Tasmania’s Wilderness World Heritage Area provides secure habitat for some of the world’s most unique animals and protects one of the last true wilderness regions on Earth, it encompasses a greater range of World Heritage listed natural and cultural values than any other region on Earth. Environmental groups are committed to ensuring the current agenda by Tasmania’s Government to weaken the protections of this unique wild landscape are met with opposition.
Dr Eric Woehler, Convenor of BirdLife Tasmania notes that the World Heritage Area is home to one of the world's rarest birds - the Orange-bellied Parrot. "Increasing human presence and activities will place greater pressures on all species present in the WHA, threatening the outstanding values for which the area is recognised around the world" he added. "Recent work by BirdLife Tasmania has identified additional bird values of international significance in the WHA", Dr Woehler said.
"The cartel of State Government, its Parks and Wildlife Service and the big end of the tourism industry must stop. It is turning the parks service into a grubby tourism broker, competing unfairly with small eco-friendly tourism operators outside the World Heritage Area, and putting the World's wilderness heritage at risk", said Charlie Sherwin, of Environment Tasmania
The Bob Brown Foundation’s Jenny Weber stated, “On a global stage, this is one World Heritage Area that is recognised for wilderness values, these values should not be compromised. Maintaining, protecting and enhancing wilderness should be the priority. The Wilderness zone needs to be put back in to the management rules. Our Foundation calls on the Premier to talk to conservationists and Aboriginal Tasmanians as much as he talks to his business backers. Under this current agenda Tasmania will see a public asset given away for private profit at a net loss to the public again.”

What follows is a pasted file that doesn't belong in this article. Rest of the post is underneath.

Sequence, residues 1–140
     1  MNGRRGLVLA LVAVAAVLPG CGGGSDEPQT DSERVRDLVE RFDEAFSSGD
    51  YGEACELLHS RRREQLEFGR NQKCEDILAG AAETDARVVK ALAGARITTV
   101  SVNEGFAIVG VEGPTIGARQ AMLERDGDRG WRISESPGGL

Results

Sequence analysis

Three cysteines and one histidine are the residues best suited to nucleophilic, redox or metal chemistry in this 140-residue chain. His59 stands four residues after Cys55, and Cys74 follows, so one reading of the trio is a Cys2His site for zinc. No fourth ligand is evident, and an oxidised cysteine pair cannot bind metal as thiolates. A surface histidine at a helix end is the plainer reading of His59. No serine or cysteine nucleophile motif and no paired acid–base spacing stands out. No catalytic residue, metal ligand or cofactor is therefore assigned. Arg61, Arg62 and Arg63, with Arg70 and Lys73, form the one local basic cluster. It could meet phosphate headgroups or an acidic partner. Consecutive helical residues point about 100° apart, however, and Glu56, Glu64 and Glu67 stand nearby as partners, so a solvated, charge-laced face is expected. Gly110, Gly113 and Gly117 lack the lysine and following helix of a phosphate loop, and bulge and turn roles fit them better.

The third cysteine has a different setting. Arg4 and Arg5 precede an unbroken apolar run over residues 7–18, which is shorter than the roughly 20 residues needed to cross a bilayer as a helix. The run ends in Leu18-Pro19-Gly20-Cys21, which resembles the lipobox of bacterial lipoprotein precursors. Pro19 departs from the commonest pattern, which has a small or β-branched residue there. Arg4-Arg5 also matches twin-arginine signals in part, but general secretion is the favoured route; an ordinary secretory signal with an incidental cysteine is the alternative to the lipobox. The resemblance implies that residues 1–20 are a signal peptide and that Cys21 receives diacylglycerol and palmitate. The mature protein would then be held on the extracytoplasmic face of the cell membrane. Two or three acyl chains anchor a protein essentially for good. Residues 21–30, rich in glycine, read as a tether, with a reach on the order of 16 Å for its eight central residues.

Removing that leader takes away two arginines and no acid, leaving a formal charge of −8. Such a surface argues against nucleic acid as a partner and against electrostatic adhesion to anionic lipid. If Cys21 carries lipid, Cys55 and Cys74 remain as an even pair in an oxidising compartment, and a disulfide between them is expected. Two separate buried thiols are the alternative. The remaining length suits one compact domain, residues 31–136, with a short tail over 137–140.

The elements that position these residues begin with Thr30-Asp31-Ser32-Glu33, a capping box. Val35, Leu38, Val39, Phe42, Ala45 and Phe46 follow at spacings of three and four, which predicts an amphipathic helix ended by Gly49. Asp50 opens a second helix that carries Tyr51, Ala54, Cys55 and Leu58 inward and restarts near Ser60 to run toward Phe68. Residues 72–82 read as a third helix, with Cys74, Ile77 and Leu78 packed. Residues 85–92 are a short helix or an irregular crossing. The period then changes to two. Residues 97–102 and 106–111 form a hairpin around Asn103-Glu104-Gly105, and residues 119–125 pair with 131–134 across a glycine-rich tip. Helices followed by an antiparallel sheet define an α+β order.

“The Management Plan draft does not set clear criteria or guarantee public scrutiny. Despite attempts by the state government to reassure the public that only sensible and appropriate development proposals will gain approval, it provides no confidence that this will be the outcome,” Nicholas Sawyer, Tasmanian National Parks Association.
Tasmanian Conservation Trusts, Peter McGlone states, "When the Liberal Party launched its 'Un-locking the potential of our national parks and reserves' policy during the state election the then leader of the opposition Will Hodgman told the Examiner newspaper (19 February 2014 ) that the 'normal planning' process would be applied.
Clearly the state government has even broken an election promise or is being very misleading because the approach they are taking to planning and approving developments in the most remote wilderness areas is anything but normal and is a massive change from what has been permitted.”
"Despite the divisive nature of this draft tourism plan, we welcome the official opening of the consultation process. We will do all we can to understand and articulate the implications of this plan, engage the public and ensure it is reinstated as a robust guide to proper management of the outstanding cultural and natural values," said Vica Bayley, from The Wilderness Society.
Dr Eric Woehler, BirdLife Tasmania 0438 204 565
Vica Bayley, The Wilderness Society, 0400 644 939
Jenny Weber, The Bob Brown Foundation 0427 366 929
Peter McGlone, Tasmanian Conservation Trust, 0406 380 545
Nick Sawyer, Tasmanian National Parks Association 0414 718 831